An Outlook article on Sunday incorrectly described the case of two FBI officials pardoned by President Ronald Reagan in 1981. They were convicted of authorizing illegal break-ins involving friends and relatives of the Weather Underground, not the office of Daniel Ellsberg's psychiatrist. (Published 09/28/99)

With the help of the Republican-led 106th Congress, President Clinton may yet do the impossible. He may succeed in giving executive privilege a good name. His refusal to disclose internal documents concerning clemency reviews for 16 convicted militant Puerto Rican nationalists is not merely permissible. It is essential to maintaining the separation of powers between the legislative and executive branches.

"Executive privilege" is a term that conjures up the dark days of the Watergate scandal that brought down President Nixon in 1974. In the minds of many, it became synonymous with "stonewalling," as Nixon sought to stave off the spreading investigation into his administration's illegal actions by arguing that certain presidential communications are protected from disclosure.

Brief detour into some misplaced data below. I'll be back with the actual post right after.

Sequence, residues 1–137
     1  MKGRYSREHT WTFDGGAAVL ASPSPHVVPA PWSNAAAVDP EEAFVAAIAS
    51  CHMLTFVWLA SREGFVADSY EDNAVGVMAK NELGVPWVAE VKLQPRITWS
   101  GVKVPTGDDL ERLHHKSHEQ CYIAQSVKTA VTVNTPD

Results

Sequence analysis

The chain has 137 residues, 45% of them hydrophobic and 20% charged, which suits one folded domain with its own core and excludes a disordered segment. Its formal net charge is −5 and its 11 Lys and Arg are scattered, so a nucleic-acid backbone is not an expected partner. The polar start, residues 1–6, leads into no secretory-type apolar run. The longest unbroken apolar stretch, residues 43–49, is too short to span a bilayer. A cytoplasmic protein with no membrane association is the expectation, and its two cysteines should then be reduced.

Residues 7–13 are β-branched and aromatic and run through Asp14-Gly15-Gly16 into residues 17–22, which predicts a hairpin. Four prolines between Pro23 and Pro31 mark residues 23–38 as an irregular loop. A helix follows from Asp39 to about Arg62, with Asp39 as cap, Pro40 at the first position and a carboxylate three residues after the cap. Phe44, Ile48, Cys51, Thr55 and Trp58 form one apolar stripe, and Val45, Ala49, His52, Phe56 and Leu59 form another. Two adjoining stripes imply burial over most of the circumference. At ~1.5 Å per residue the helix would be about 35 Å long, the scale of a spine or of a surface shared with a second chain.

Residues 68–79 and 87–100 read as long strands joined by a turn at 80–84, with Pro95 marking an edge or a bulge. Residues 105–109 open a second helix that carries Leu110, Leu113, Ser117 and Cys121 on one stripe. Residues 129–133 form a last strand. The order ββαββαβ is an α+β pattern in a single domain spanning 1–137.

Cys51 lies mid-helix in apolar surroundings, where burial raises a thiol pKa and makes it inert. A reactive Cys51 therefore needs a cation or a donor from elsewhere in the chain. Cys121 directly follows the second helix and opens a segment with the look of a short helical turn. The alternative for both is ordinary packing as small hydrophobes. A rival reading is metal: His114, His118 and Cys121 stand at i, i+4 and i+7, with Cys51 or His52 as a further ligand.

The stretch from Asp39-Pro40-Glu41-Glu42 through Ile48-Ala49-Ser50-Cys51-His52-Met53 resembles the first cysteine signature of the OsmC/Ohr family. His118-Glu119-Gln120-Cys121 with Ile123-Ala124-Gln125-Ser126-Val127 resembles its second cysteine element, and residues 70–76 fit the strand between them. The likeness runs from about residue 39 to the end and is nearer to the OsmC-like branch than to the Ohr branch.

To invoke executive privilege these days is to risk summoning the ghosts of past scandals; that's why every administration would prefer to avoid battles over congressional subpoenas and instead satisfy Congress's demands for documents by turning over records voluntarily. But that's a political calculation. Legally, Clinton is not only on solid ground in invoking executive privilege, but he would damage the presidency if he didn't.